None of this goes to change church doctrine or church policy, but it marks a sharp departure in tone. For the first time in many decades, liberal Catholics, long an endangered species in the American Church, found  room for optimism.  Charlie Pierce asked if the runners-up in the Clan of the Red Beanie might not be asking the Holy Spirit for a recount:

Faith without works is dead, and I’m not seeing HMC actually budging on some of these issues very soon. But, still, if you think this isn’t shaking some of those guys all the way down to their red socks, you’re fooling yourself. This guy may turn out to be the biggest curveball since the Blessed John XXIII.

Some will talk about Bertoglio’s possible past collaboration  with the Argentine junta during its era of repression. We’ll leave that discussion for better scholars, and another time.  For this writer, it is enough that this ostensible “authoritarian,”  who has openly called for “a poor church for the poor,” is prepared to meet with Gustavo Gutierrez:

Francis… will meet in the next few days with the Rev. Gustavo Gutierrez, a Peruvian theologian and scholar who is considered the founder of liberation theology. The meeting was announced on Sunday (Sept. 8) by Archbishop Gerhard Ludwig Mueller, prefect of the Congregation for the Doctrine of the Faith, the Vatican’s doctrinal watchdog, during the launch of a book he co-authored with Gutierrez. It’s a remarkable about-face for a movement that swelled in popularity but was later stamped out by the conservative pontificates of John Paul II and his longtime doctrinal czar, Benedict XVI.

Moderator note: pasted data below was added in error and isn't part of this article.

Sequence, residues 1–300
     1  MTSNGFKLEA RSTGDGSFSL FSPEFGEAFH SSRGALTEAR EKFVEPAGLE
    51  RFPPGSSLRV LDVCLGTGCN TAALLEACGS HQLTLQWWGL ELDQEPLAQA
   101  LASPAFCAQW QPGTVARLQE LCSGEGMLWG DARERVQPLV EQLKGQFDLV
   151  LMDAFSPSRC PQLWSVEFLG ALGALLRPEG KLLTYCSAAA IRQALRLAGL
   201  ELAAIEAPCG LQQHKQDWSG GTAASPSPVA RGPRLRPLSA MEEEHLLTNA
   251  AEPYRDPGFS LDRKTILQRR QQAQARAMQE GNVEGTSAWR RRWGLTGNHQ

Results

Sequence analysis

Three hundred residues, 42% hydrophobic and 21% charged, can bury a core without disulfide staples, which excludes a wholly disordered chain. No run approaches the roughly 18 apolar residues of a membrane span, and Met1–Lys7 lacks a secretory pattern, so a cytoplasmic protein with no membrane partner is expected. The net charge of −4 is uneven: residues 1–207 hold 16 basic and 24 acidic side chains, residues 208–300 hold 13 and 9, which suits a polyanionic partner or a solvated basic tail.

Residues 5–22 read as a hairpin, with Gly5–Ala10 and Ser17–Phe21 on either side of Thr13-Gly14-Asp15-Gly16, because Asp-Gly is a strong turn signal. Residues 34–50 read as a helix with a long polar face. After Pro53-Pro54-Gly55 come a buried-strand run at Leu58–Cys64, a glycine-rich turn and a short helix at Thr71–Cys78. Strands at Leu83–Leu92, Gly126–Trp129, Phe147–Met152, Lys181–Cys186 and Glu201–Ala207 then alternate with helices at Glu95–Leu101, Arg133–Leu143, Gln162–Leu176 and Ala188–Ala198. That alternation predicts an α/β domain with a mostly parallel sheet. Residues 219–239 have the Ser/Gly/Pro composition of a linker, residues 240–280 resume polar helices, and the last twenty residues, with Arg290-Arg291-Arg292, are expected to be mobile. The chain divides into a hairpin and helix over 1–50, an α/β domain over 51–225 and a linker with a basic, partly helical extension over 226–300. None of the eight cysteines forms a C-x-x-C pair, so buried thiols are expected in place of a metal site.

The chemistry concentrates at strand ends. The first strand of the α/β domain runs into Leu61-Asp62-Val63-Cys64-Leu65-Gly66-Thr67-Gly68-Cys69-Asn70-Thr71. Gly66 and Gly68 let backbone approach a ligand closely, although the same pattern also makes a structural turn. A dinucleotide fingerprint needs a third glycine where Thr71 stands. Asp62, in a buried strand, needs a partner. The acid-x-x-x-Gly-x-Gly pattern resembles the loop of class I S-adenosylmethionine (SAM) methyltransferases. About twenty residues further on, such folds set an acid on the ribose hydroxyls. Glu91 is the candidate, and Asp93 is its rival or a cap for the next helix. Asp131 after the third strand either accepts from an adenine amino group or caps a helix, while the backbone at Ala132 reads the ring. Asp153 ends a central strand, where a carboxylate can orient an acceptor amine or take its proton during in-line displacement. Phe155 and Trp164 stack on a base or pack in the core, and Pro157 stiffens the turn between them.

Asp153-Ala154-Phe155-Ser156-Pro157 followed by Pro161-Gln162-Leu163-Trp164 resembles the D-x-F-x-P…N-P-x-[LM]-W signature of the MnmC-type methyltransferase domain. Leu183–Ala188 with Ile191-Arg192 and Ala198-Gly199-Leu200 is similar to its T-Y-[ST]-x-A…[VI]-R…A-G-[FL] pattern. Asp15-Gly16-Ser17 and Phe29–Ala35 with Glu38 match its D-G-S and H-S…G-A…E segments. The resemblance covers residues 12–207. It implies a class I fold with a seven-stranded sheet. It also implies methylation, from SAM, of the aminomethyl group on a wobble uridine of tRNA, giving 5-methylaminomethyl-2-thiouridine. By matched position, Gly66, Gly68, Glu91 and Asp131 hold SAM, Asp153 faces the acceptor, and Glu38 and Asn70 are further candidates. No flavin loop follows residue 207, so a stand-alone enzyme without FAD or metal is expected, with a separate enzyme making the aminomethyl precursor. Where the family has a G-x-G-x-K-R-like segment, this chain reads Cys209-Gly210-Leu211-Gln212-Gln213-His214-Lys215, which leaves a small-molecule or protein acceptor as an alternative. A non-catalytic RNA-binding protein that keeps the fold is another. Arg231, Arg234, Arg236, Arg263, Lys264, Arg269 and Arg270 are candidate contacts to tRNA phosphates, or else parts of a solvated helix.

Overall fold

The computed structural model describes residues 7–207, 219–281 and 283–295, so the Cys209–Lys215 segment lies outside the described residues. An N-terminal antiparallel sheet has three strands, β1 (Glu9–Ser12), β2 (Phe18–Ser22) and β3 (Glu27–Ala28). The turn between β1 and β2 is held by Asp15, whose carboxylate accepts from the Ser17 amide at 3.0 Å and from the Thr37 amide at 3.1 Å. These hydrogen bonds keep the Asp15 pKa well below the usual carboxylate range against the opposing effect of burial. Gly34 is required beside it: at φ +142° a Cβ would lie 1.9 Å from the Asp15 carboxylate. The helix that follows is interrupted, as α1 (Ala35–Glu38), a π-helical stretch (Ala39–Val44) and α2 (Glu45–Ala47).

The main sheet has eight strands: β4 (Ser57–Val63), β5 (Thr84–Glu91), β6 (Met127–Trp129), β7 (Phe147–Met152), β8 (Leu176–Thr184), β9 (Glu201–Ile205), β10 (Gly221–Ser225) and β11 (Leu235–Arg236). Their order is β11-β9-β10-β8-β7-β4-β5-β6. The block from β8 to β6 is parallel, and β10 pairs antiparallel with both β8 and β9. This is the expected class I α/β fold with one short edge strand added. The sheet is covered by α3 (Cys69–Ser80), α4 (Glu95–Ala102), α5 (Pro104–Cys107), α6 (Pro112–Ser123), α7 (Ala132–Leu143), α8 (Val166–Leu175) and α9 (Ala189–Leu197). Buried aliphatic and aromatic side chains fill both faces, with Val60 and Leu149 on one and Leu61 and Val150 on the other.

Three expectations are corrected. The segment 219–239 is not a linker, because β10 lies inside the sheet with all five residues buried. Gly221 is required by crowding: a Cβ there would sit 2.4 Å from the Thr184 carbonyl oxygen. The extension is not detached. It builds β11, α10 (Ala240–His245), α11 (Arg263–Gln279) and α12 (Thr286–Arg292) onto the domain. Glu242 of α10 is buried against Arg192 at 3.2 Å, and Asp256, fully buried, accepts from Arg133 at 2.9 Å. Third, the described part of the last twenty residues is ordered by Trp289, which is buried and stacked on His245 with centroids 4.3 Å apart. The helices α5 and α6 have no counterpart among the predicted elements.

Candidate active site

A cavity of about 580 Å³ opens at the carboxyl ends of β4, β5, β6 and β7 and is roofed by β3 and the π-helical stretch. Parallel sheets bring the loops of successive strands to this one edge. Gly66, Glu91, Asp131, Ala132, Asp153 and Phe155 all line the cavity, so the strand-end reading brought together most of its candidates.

And on this matter, it is enough for me to give the last word  to Charlie Pierce:


One of the great disservices that JP The Deuce [John Paul II] did to HMC  [Holy Mother Church] was to squash the liberation theologians, some of whom were actually martyred, not that it mattered to the bureaucrats in the Holy Office. If this pope is willing to let them back into the general theological life of the church, that’s nothing but a good thing, if only because it will piss off all the right people.

Knarf plays the Doomer Blues